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  • Judy Newberger, RN

COVID-19 Update - "The 3 Ws" and Masks

The last Atrium health education table on March 8th included a display educating the parish on a novel virus which would, soon after, be known as the cause of a pandemic.

Eight months later, we are all bombarded daily with “The 3 Ws” –

• Wash hands frequently for at least 20 seconds.

• Watch your distance - at least 6 feet distance from others.

• Wear a mask when outside of your home.

Social media not only has posts from reputable sites on the why, who, where, when, what, and how of wearing masks and social distancing; they also include posts of myths, misconceptions, and feelings mixed with the facts. Plus, it is normal to be confused when true experts’ recommendations change and sometimes seem contrary to what they said previously.

Science is not static. Recommendations change as stronger research and/or larger numbers in studies provide new data that leads to new conclusions.

Science uses the word “may cause," because rarely is something 100% true for 100% of the population.



Masks provide a simple barrier to keep respiratory droplets from reaching others when you cough, sneeze, talk, or breathe. These droplets may contain coronavirus even if you have no symptoms. Recent studies show that correct mask wearing over the mouth and nose also may reduce the chance of acquiring the virus.


Everyone over the age of 2.

Where & When?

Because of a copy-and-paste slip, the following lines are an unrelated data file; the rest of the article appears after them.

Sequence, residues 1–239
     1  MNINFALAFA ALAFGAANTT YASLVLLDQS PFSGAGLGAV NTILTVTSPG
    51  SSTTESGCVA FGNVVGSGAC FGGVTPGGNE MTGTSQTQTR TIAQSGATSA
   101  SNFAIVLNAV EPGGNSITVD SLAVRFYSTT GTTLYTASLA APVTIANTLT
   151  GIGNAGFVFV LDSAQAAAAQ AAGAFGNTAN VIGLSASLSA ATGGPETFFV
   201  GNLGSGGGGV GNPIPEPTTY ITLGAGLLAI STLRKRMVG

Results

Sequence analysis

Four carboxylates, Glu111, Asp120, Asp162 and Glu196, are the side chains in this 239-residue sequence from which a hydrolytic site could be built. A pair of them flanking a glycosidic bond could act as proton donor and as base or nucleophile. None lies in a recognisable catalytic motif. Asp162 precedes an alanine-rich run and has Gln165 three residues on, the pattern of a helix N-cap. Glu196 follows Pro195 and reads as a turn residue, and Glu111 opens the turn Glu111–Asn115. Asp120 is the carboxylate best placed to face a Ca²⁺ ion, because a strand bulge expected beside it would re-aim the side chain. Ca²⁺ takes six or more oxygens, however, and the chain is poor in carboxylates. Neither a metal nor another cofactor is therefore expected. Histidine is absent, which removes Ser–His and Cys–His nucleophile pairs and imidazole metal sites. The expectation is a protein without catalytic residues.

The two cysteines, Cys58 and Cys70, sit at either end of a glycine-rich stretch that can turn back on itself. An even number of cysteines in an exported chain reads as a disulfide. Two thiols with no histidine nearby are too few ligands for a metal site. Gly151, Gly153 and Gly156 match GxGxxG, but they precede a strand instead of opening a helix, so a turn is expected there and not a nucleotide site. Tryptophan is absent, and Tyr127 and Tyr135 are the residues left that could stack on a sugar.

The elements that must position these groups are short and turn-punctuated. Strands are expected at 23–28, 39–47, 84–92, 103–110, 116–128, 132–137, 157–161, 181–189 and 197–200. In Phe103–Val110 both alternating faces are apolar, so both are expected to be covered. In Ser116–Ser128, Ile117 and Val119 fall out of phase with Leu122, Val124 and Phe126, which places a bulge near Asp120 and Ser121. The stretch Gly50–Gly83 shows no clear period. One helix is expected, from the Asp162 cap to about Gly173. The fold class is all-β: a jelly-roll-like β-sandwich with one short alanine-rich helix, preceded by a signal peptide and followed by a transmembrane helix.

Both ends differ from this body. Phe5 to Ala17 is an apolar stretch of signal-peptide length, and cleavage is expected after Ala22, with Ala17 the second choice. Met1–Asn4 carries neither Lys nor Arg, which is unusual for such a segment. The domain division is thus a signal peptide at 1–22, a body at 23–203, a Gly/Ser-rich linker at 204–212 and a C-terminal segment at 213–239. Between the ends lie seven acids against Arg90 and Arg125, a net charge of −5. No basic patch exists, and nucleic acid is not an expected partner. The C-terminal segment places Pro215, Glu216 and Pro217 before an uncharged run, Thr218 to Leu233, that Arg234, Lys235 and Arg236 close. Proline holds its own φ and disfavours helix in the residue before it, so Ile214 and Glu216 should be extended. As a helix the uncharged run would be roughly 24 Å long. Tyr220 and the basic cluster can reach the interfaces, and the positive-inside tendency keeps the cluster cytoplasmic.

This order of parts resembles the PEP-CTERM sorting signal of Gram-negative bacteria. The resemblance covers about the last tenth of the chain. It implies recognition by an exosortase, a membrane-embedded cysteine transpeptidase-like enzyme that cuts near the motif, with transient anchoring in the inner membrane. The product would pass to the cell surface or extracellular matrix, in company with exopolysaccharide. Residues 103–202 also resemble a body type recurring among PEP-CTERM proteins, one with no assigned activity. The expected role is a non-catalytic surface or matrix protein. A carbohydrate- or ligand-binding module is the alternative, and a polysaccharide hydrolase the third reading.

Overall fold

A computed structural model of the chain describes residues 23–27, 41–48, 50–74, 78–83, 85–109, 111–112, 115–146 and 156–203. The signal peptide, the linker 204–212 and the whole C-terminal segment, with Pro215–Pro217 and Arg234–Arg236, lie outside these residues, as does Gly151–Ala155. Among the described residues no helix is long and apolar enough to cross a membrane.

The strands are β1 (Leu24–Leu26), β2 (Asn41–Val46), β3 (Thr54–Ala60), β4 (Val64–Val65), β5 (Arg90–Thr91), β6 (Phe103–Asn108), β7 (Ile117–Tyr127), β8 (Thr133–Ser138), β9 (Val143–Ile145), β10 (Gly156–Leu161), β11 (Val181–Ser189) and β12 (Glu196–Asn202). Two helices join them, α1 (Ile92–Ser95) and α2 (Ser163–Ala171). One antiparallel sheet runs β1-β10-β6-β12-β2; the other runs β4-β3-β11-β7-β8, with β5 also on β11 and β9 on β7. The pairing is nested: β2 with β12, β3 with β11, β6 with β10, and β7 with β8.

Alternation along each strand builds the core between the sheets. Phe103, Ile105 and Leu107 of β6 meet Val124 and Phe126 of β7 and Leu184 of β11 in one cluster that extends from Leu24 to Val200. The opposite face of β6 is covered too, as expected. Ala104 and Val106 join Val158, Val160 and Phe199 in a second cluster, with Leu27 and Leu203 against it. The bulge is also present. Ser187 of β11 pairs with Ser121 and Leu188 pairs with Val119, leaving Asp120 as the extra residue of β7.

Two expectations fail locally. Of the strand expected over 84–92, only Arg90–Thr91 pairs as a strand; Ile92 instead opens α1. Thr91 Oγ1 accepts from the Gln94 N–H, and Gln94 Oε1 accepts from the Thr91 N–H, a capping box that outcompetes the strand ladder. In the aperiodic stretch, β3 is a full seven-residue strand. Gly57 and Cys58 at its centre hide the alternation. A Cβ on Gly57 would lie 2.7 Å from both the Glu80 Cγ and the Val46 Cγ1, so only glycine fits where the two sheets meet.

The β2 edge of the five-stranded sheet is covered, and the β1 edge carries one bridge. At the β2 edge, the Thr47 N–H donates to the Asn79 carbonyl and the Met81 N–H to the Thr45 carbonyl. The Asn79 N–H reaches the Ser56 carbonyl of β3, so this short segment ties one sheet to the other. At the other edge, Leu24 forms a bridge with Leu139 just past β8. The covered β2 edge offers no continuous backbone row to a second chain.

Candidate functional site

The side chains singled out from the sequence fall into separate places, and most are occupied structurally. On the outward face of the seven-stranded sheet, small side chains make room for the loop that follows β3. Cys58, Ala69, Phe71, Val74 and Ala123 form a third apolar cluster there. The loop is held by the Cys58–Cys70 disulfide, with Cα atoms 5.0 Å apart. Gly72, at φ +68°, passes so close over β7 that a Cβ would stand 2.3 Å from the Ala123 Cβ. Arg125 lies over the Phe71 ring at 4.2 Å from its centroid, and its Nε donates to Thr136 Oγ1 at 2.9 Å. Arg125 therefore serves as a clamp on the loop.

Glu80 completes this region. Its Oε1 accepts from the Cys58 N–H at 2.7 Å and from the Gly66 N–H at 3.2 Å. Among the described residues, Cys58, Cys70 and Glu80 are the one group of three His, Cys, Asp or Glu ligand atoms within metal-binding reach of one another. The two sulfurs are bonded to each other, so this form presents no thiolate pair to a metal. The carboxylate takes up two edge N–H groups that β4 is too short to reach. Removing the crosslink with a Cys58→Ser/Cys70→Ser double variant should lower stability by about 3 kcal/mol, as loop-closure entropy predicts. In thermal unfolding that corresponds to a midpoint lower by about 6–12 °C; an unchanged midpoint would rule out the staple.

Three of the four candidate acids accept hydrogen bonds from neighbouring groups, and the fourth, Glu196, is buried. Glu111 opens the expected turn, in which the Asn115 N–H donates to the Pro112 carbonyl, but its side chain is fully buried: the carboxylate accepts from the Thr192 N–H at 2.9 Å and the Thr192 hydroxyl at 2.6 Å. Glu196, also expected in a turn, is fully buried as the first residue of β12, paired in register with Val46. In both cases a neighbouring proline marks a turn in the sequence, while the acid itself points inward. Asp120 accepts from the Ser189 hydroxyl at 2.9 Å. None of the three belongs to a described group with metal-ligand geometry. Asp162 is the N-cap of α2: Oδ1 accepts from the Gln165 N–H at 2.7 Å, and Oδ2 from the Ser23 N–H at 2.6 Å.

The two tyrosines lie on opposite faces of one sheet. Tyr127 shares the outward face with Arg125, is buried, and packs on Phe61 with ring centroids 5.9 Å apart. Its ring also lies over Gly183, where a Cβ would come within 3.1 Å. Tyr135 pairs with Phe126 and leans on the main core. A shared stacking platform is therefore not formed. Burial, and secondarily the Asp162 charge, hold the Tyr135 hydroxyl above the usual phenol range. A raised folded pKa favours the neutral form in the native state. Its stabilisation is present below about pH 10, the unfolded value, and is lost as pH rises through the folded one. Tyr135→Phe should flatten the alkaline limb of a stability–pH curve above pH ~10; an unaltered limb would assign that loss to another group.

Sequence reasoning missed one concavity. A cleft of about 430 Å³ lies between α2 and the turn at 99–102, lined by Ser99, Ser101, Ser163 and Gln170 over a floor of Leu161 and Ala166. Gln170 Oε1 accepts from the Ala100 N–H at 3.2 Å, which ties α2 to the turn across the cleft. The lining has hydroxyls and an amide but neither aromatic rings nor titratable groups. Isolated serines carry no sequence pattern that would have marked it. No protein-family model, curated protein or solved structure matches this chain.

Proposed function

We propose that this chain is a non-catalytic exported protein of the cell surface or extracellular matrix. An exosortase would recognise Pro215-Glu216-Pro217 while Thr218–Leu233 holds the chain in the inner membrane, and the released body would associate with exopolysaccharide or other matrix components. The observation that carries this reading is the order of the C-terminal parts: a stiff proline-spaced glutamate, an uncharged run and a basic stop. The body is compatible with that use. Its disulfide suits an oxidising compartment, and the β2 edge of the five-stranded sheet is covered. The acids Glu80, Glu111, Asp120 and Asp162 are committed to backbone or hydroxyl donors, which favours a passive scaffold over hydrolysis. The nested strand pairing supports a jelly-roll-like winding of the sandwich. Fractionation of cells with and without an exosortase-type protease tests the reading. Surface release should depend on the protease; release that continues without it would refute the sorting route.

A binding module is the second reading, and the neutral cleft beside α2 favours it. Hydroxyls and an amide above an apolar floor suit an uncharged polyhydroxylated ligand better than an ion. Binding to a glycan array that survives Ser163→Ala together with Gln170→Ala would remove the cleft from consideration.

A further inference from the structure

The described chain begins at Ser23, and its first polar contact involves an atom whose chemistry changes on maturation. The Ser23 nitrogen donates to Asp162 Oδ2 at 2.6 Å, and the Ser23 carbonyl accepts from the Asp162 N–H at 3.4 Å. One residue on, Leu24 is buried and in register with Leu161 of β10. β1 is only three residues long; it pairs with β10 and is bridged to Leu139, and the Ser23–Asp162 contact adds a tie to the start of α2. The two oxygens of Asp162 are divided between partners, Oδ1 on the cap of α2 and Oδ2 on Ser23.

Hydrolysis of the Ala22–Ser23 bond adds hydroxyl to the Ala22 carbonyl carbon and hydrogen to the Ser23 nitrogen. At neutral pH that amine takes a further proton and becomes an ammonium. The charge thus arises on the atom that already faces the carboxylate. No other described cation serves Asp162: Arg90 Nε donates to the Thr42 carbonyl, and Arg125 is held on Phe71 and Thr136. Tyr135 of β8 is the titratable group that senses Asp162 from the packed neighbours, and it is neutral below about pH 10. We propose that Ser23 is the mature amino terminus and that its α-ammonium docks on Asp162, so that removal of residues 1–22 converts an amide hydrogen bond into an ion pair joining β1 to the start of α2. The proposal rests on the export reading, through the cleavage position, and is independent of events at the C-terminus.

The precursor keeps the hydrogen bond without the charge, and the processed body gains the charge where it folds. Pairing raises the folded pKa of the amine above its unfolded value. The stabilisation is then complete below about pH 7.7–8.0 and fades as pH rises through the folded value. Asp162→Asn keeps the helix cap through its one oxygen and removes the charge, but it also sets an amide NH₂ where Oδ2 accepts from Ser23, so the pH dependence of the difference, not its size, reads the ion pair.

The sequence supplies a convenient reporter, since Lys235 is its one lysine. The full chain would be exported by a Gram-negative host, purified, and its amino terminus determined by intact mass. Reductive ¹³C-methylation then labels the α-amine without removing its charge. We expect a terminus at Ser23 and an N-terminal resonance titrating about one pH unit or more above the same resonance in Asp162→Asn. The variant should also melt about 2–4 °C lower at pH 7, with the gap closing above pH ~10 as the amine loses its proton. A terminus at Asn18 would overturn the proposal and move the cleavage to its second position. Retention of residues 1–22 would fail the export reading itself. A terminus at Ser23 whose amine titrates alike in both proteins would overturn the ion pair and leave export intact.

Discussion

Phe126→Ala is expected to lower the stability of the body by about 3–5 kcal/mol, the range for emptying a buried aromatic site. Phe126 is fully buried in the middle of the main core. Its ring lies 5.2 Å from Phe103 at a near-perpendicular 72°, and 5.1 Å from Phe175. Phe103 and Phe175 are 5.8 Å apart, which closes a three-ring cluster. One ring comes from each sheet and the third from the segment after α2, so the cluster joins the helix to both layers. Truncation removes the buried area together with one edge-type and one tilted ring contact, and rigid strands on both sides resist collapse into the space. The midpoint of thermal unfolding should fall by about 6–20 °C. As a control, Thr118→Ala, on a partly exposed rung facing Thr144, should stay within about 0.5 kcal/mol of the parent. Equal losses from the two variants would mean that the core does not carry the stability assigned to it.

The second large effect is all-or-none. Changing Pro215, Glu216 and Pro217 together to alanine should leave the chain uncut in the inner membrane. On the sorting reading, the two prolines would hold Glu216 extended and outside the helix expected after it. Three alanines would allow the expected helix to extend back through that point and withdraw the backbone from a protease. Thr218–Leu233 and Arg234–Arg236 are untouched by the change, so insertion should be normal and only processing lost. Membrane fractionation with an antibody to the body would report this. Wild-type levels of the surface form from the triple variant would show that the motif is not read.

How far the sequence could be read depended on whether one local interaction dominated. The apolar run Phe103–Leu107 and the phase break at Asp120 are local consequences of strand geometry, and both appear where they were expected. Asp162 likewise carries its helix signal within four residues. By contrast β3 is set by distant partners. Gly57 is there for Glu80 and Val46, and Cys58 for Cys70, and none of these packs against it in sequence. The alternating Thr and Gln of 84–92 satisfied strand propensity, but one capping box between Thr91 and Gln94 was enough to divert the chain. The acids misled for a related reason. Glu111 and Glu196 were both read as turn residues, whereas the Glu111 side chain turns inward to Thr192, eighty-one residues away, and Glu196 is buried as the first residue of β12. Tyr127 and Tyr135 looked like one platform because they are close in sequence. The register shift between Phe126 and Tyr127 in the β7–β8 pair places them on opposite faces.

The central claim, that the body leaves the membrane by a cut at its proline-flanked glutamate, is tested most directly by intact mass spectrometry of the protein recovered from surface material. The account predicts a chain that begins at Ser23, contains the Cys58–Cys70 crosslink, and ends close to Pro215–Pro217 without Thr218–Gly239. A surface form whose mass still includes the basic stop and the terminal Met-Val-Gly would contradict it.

In public spaces and when around people who do not live in their household.


  • Non-medical disposable masks

  • Properly fitting reusable masks made with:

Breathable cotton

Tightly woven fabrics

Masks with two or three layers

Masks with inner filter pockets

Who should not? *

  • Children under 2

  • Anyone incapacitated, unconscious, or with sensory, cognitive, behavioral issues who are unable to wear a mask properly, cannot tolerate or cannot remove a mask.

(* NOTE! People with asthma and most medical conditions can and should wear masks. Those having trouble breathing should discuss their concerns with their healthcare provider.)


  • Wash or sanitize your hands for at least 20 seconds before AND after putting on mask.

  • Put mask over your nose and chin.

  • Fit snugly over sides of face.

  • Use straps but avoid touching front of mask to adjust mask.

  • If you touch your face to adjust mask, wash hands again or use hand sanitizer.

  • Wash reusable or change disposable mask daily to maximize effective use.


Masks with Exhalation Valves or Vents – May allow virus to escape. Do not wear!

Gaiters – Not as effective but a gaiter with two layers partially protects.

Face Shields – May be worn with a mask to reduce transmission through eyes if close contact is unavoidable. Worn alone, they allow droplets to enter through the air around its edge. Research is lacking on effectiveness against coronavirus in general public use. It does not seem to reduce transmission. CDC recommends against shield use as a substitute for a mask. Only use if an individual cannot wear a mask for indications given above or for those who work with the hearing impaired community.